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15th century Hotel Il Salviatino welcomes guests to Florence

Marilyn Jones 

From my home in Texas to Florence, Italy, is, more or less, a 24-hour journey. When my plane touches down, all I can think about is getting to my hotel for some rest before exploring the city.

Sunday morning traffic is light and within a half hour the taxi driver has deposited me at Il Salviatino, a 15th century villa now serving as a 44-room luxury hotel.

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Inside I am immediately impressed by the architectural detail, artwork, and grand staircase. My room is decorated in red and gold, and my view is of Tuscany with its rolling hills and signature spruce trees.

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History

Historians suggest the original structure built on this site was a Roman fortress. It makes sense, with the hotel’s location high above Florence. The first recorded documents date back to the 14th century when the property was a villa.  

Through the centuries, the villa was refurbished by some of Florence’s elite families, ultimately landing in the hands of the Salviati family in the 16th century.

The Salviatis undertook an enormous restoration, adding frescoes and furnishings to create a warm and inviting space for their guests. They officially named Il Salviatino. At the end of the 19th century, American Phelps Thomas purchased the property and hired artist Augusto Bruschi to add decorative works, including the beautiful fresco that can still be admired in the Affresco Suite.

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At the turn of the last century, poet, journalist, and art critic Ugo Ojetti became the owner and added the library, which was visited regularly by celebrities in their fields, including Salvador Dalì and Gabriele D’Annunzio.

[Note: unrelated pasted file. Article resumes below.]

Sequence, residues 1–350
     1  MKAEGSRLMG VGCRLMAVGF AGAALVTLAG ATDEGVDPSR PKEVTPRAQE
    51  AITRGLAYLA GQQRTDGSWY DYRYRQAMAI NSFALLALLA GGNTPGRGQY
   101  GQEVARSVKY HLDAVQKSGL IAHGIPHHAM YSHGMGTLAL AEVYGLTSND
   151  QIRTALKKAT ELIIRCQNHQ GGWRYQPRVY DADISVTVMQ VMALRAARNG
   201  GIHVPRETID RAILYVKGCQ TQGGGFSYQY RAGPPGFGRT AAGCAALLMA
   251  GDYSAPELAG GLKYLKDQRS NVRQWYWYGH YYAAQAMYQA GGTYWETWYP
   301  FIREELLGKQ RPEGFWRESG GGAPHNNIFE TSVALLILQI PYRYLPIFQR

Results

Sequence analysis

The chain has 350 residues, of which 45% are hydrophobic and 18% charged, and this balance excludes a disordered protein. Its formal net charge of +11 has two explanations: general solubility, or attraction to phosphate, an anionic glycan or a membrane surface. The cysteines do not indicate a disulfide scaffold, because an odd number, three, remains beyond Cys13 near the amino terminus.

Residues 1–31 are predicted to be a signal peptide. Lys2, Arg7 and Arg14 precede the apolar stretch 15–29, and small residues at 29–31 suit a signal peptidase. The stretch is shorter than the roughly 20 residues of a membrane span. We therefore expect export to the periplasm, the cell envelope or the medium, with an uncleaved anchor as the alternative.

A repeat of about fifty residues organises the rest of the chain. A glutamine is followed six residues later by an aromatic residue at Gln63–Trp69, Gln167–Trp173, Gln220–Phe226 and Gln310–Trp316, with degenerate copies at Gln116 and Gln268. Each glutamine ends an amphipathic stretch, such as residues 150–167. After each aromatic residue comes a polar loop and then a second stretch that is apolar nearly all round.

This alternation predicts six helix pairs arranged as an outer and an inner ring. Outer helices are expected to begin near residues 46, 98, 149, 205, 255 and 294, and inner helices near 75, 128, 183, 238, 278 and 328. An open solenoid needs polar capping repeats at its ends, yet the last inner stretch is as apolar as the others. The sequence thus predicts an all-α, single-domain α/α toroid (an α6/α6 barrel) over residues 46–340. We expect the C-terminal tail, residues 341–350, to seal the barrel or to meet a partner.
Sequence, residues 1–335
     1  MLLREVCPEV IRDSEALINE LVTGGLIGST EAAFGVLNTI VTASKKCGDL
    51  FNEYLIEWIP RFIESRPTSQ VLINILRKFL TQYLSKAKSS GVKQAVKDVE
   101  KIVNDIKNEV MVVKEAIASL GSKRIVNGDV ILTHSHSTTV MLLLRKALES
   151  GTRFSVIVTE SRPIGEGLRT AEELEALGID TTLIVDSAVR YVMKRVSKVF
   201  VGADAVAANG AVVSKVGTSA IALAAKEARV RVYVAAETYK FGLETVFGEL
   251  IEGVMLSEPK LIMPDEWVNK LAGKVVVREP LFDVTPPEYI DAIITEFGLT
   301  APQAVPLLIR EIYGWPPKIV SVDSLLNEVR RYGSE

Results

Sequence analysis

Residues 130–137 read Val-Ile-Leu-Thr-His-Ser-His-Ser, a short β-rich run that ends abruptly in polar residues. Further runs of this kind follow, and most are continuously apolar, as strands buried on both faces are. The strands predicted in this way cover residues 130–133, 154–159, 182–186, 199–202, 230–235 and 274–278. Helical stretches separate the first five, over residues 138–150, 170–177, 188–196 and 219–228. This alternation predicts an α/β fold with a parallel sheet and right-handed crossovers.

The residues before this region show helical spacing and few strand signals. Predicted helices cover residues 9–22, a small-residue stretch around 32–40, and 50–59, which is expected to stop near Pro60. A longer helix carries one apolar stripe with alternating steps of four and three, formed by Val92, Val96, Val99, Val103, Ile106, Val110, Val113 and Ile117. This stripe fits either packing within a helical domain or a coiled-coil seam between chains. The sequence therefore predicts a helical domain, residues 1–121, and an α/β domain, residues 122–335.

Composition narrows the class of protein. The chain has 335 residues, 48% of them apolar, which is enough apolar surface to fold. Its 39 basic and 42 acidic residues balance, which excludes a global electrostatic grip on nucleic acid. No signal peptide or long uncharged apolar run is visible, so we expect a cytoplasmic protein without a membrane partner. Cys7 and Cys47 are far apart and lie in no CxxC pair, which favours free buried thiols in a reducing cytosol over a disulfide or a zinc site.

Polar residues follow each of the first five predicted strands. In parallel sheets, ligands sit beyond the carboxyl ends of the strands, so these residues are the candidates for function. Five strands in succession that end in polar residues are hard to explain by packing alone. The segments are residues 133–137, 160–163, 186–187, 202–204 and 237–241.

After Ojetti’s death, the villa was passed down to his heirs. During the '70s and '80s, it became Stanford University’s Italian headquarters. When the university left, the villa sat vacant for 20 years until it was once again renovated to bring back its 19th century splendor and opened as a hotel in 2010.

Exploring

I am entranced by the hotel’s beauty and, after settling in my room, I decide to investigate the public spaces. I start with the library and its books focusing on Italian art, history, and architecture; museum-quality paintings; and vases filled with flowers grown on the property.

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I wander into other rooms, admiring the attention to detail. The beautiful furnishings, original vaulted ceilings, and terracotta floors remind me of the villa’s rich history.

One young man suggests that I take in the view from the terrace, where I will later have dinner, before wandering though the ornate gardens. Laid out before me are the Brunelleschi’s Duomo and the red-roofed buildings of Florence. In closer view are the nearly 12 acres of formal gardens and park.

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Stairs lead down from the terrace to the formal gardens. From here I follow a footpath to the pool and spa.

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Soon I will take the shuttle into the heart of Florence. I know there will be swarms of people in the city, but right now I am enjoying the beauty of a centuries-old villa brought back to life; once again welcoming road-weary guests.

 

Disclosure: As is common in the travel industry, Marilyn Jones was provided with accommodations for the purpose of review. While it has not influenced her review, Grit.com believes in full disclosure.